My Content Production Process


I’m fairly new to the game of creating Salesforce content. Others are way more experienced and create so much better stuff than I do. Nevertheless, I found it helpful to have a process in place. Like with everything, if I do something twice, I standardize it. The same rule was applied to my content production process.

The goal of my content production process is to produce good quality content in a reliable, repeatable fashion while having fun doing. This post is based on the process which works for me, I’m sure others come up with a way that works better for them.

Not every content is created the exact same way. For some content I apply higher standards, for other I sometimes skip certain steps.

Table of Contents

1. Theory, Idea, Concept

Via questions, ideas, feedback, or other means I get ideas for content. The ideas come from unexpected places at unexpected times. As soon as I have an idea I write it in my “Ideas” backlog, usually just a headline and where I got the idea from.

Most ideas never make it out of the idea backlog. But whenever I have some spare time I go to my Idea-Backlog and start working on an idea.

2. Research

Most of my posts need some kind of research in form of reading or interviewing people. This phase can be between a few hours and weeks. Again, not all topics which make it into the research phase make it out. Most topics turn out to be not as interesting as I thought initially.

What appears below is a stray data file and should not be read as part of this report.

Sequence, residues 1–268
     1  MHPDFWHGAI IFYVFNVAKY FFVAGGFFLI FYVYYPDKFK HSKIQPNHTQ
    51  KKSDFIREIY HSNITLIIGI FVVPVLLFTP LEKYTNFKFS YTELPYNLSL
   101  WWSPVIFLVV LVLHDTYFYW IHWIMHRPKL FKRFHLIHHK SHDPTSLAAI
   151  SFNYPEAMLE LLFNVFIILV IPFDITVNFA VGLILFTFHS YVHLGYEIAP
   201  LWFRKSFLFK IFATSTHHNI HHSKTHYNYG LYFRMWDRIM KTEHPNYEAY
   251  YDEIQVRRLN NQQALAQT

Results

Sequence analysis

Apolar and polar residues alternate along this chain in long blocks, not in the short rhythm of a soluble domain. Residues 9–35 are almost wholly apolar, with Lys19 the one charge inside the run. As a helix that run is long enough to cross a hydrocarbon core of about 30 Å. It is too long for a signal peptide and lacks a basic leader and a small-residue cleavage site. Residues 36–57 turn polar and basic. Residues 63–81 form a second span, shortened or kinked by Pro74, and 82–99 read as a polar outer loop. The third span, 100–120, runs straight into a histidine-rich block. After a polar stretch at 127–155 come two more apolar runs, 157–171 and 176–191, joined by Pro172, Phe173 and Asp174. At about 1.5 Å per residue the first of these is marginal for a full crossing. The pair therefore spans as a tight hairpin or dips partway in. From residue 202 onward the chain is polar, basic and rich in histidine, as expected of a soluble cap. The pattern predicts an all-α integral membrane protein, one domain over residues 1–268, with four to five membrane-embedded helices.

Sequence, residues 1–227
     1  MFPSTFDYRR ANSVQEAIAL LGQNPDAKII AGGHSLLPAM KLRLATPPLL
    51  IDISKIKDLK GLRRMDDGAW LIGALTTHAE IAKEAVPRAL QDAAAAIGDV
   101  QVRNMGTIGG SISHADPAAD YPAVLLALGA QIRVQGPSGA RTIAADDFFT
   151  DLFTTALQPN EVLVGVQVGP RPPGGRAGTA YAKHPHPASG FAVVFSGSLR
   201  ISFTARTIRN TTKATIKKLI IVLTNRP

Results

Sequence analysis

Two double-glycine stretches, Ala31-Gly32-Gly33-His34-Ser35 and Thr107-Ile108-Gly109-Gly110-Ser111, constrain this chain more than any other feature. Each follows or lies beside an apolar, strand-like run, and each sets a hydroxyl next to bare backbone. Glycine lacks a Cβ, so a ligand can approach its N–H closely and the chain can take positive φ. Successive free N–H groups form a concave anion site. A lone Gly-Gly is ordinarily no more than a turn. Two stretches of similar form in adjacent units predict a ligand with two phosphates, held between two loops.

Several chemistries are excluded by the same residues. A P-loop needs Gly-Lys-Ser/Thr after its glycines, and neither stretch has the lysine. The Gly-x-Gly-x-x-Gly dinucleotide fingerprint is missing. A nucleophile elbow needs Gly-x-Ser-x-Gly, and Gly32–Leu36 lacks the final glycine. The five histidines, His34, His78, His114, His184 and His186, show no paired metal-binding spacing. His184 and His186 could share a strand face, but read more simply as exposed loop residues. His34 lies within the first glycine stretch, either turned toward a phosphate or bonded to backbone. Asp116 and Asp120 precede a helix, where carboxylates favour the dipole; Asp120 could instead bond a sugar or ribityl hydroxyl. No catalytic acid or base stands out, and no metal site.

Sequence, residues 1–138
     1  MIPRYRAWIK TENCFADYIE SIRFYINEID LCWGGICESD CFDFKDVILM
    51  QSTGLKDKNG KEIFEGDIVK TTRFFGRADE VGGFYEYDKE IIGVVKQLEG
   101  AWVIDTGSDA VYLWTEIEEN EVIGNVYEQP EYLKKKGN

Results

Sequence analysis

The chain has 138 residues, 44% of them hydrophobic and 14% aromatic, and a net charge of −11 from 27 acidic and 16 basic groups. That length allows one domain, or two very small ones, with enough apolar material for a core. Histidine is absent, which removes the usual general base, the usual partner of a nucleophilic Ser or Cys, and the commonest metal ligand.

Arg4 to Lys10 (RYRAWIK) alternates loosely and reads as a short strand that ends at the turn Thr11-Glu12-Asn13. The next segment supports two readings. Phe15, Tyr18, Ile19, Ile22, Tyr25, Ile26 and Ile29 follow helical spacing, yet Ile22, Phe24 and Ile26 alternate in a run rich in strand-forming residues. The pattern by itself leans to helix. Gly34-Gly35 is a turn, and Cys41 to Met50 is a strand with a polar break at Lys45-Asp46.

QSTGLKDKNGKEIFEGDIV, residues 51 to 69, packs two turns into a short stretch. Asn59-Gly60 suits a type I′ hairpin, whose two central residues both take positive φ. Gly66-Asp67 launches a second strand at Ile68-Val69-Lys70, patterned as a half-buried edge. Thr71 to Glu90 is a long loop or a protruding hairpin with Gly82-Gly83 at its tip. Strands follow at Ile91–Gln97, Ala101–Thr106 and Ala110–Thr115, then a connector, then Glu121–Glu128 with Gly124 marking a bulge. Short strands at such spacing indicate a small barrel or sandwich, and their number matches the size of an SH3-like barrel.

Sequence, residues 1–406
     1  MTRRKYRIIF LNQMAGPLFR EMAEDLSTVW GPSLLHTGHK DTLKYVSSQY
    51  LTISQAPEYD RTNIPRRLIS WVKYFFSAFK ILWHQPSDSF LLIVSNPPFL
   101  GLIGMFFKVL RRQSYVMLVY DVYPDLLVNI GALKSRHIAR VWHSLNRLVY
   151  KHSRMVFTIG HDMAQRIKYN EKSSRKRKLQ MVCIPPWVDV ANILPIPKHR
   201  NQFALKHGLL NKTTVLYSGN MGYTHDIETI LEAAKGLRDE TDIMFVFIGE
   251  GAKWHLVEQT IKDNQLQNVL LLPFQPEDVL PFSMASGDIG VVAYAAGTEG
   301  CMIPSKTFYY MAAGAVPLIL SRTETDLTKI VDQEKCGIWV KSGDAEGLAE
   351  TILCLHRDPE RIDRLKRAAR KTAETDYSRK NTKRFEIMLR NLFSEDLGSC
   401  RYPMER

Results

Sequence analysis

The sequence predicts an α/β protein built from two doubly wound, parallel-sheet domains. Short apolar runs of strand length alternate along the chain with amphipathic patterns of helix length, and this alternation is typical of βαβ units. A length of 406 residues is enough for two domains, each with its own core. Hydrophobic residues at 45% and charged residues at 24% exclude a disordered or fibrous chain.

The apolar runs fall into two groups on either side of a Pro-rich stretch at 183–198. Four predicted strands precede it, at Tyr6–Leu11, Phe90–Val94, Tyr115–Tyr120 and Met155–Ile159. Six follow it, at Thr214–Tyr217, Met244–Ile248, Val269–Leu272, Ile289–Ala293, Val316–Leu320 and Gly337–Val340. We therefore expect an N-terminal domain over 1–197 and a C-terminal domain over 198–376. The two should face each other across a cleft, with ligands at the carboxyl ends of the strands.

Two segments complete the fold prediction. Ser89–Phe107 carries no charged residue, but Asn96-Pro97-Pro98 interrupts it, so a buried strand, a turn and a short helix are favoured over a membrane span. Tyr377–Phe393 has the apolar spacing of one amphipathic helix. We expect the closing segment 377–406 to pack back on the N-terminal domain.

I collect the notes of my research phase usually in a Word document. This document becomes the basis for the content.

3. Pre-Alpha: First Drafts

After I finish research, I create a series of “Alpha” versions of my content. This is often not more than a rough structure and some core ideas. I use that early-stage content to discuss it with at least two experts and one or more random people. This is done most often in 1-on-1 meetings or via comments on a Word document.

During this process, I usually remove 30% of the content and add a lot of clarifications.

The experts are important because they make sure I don’t publish completely wrong stuff.

The random person feedback is also very, very helpful. This person makes sure my content is as understandable as possible. These random people are truly random, usually people I have a call with that week anyway. I’ll just ask for quick feedback.

4. Closed-Beta: Final Feedback

I create and publish/present the content to a smaller group like a local user group or publish in forums like the Architect Trailblazers Community.

These smaller releases provide me with valuable feedback which I use to improve the content. I repeat that until I feel my content is ready.

5. Full release

Once all previous release stages are done the day of the full release is come.

The feedback I get after the full release is not added any more to the content itself but is again the starting point for the next piece of content.